About the Author
Joyce Johnson is the author of eight books, including the award-winning memoir Minor Characters, Missing Men, and Door Wide Open: A Beat Love Affair in Letters, 1957 1958 (with Jack Kerouac). She lives in New York City."
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Johnson's life intertwined with Kerouac's. Joyce Glassman (b. 1935) had a relationship with Kerouac which began in 1957, months before the publication of "On the Road", and ended abrubtly in 1959. In 1983, nearly 25 after the relationship ended, Johnson wrote an eloquent reflective memoir, "Minor Characters" about her own early life as it interconnected with Kerouac's and other people in his circle. Written nearly thirty years later, in 2012, Johnson's biography covers Kerouac's (1922 -- 1969) early life through 1951. By 1951, Kerouac had published one novel, "The Town and the City" (1950). He had written "On the Road", but the book would not be published until 1957, when Kerouac and Johnson were in their relationship. Thus, Johnson writes of Kerouac during over 40 years after her relationship with him ended, and her book covers her subject's life before she knew him. She writes about Kerouac with obvious affection and love but with the detachment and reflection that comes with time. In the Introduction, Johnson comments on the passage of time as it influenced her understanding of herself and of Kerouac.
"If I had written this biography in my fifties, when there was so much less reliable information available, mistaken assumptions would undoubtedly have led me down some wrong paths. If I had attempted to write about Jack in my twenties, when my memories of my own relationship with him between 1957 and 1958 were still fresh, I would not have had the objectivity I brought to my memoir, Minor Characters, when I began it in 1981."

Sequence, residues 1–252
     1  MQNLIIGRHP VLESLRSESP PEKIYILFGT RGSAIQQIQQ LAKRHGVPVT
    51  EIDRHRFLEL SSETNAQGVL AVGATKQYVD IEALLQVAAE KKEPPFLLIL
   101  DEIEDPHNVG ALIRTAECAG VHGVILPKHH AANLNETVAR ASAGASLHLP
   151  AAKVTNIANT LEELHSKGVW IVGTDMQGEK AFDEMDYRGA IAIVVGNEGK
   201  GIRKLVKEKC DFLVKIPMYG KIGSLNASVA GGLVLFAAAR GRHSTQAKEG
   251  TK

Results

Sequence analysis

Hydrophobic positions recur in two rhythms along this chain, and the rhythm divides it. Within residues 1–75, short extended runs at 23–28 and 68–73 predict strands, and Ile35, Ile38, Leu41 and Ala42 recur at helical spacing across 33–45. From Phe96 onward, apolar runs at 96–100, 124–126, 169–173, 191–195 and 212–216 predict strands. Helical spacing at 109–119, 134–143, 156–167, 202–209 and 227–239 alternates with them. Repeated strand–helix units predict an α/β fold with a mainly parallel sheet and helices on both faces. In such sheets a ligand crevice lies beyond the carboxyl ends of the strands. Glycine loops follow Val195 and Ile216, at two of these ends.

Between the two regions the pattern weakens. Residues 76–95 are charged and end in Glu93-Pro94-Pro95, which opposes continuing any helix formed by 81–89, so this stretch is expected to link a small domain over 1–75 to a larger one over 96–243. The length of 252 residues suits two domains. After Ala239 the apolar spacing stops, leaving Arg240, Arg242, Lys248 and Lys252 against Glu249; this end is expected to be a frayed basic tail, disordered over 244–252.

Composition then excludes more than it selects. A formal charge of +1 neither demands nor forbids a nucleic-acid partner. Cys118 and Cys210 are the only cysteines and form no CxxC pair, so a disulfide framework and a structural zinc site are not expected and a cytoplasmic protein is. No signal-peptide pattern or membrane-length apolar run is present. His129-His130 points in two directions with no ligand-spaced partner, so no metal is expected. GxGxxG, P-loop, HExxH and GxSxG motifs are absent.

As Johnson states, there are many approaches to writing about Kerouac, or any literary figure. Her book draws heavily of Kerouac's papers and on those of his friends and emphasizes what Johnson calls "his most important relationship -- the one he had with his work." Her book portrays a gifted, complex, highly troubled individual who found his calling as a writer early in life and pursued it with intensity. She portrays the private Kerouac, the person no one ever saw, "the man alone in a room writing".
Johnson is most interested in describing Kerouac's long, painstaking development as a writer. Thus she describes the three years of intense, isolated effort Kerouac spent writing his first published novel, "The Town and the City." Then, legend has it that Kerouac's most famous book, his second novel "On the Road" was written on a typed scroll in a matter of weeks. But as Johnson shows, the writing of the book on the typescroll obscures the many failed starts and revisions over several years that proceeded and helped form the book in its final version. Johnson finds that Kerouac's writing finds "its fullest expression, in "Visions of Cody" the sequel to "On the Road" that he began shortly after its completion. She writes: "With 'Visions of Cody', Jack would make his own singular contribution to the great stream-of-consciousness experiments of twentieth-century literature."